Sowing Seeds of Change02 Apr 2020, by Harvest Blog, Opportunities Industrialization Center (OIC), Washington state in
Harvest Against Hunger Gleaning Coordinator VISTA Mary Pearl Ivy serves at OIC of Washington, a non-profit organization providing community services through federal, state and local funding sources. Mary Pearl’s focus is with the Emergency Food Assistance Program (TEFAP), which aims to supplement the diets of low-income Americans including the elderly by providing them with food and nutrition assistance at no cost. In conjunction with the farm to table communications for the food bank, Mary Pearl recruits volunteers to work within a community garden, in hopes of providing access to knowledge and resources for individuals to grow their own fresh foods.
As the World is in a whirlwind of crisis during the COVID-19 Pandemic that started over a month ago, scientists report that in one week the novel coronavirus cases have doubled globally reaching 853,200 and killing almost 42,000 and still rising. During these times of distress, the world presents grief, sadness, and anxiety in almost unbearable measures. The world is mourning not only the loss of life but also crucial families’ and friends’ support systems. This Pandemic is unearthing many shortfalls in our healthcare, food systems, job security and more; but similar to farming, the soil must be broken to sow seeds of change and social isolation is giving us time and space to focus on those changes.
While most are under a stay at home order, slowing down means a time to reflect on priorities and developing healthy ways of coping with all the additional stressors. Situations such as grocery store shelves emptying daily and loss or lowered income have a lot of individuals coming to the table with solutions. This time of resource conscientiousness has resulted in lots of folks starting seeds and planting gardens for the first time. One creative method is putting some soil in up-cycled milk jugs or orange juice cartons for seed starting; cost-effective and eco-friendly. Simply the idea of more people even starting extra seeds to share with those who might not have the spaces or means to do so supports local resilience and planting the seeds of sharing and caring for others as well.
Food accessibility and sovereignty is crucial during this because convenience has dissipated and overridden the average individual’s ability and knowledge to produce and prepare their own food. A large number of individuals haven’t been exposed or taught traditional means of cooking or growing. This also results in folks not knowing where their food comes from, how it’s grown, or even that flour makes bread. For some, this might seem naive, but in reality, a lot of people just connect food to the grocery store or to the fast-food drive-through, not to the farmers or bakers that cultivate the food. Starting more gardens is a beginning, and so is getting to know our local food producer.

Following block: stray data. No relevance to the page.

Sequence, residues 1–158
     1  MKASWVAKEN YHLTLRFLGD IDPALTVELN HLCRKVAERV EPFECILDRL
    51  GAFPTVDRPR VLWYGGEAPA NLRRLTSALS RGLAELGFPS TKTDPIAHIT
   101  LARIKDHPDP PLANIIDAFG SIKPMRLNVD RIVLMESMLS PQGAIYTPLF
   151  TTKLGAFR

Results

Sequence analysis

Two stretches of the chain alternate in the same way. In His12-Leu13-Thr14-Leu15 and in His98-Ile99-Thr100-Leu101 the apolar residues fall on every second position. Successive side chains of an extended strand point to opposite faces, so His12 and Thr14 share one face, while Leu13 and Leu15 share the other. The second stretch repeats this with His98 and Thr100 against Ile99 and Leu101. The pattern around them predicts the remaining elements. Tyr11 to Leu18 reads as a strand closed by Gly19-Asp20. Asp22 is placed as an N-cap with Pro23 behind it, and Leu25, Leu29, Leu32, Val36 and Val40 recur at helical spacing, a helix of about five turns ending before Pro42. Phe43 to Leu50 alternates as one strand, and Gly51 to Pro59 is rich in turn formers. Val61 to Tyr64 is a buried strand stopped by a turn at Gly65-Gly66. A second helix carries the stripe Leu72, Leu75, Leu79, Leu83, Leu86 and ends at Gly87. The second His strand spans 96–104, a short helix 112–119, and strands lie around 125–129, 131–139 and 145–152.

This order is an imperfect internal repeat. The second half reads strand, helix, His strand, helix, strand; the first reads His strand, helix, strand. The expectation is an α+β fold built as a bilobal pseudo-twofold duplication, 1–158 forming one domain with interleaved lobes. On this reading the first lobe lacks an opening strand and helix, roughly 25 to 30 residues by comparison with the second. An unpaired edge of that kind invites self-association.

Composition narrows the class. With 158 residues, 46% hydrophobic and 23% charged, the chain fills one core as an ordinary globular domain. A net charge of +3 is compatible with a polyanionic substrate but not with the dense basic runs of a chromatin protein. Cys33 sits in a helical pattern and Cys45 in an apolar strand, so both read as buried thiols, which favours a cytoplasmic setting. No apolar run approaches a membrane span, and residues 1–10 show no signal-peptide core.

The current times are a struggle for individuals as well as businesses, with many having to reduce their labor pools and dealing with the loss of business. Prioritizing local in these times of distress helps stimulate both the economy and the community. We can also focus on providing funding for those small businesses and farms through programs such as the Farm to Food Pantry Initiative.
Some food banks and groceries have been doing their part in improving accessibility by providing delivery services for those who need to self-isolate to ensure health and safety. Food banks and other essential businesses are also making the effort to transition to curbside delivery to reduce transmission and provide a quick and easy solution for social distancing. These methods are something to consider for the future as some community members have food accessibility barriers outstanding the current global pandemic.
Now is the time to start laying the groundwork for a better future. Learning to grow and process your own garden is a fun way to initiate self-sustainability. Supporting local businesses builds and strengthens bonds within the community. Sharing of both knowledge and resources helps to fertilize the ground for our future generations, these seeds of change need to be sowed.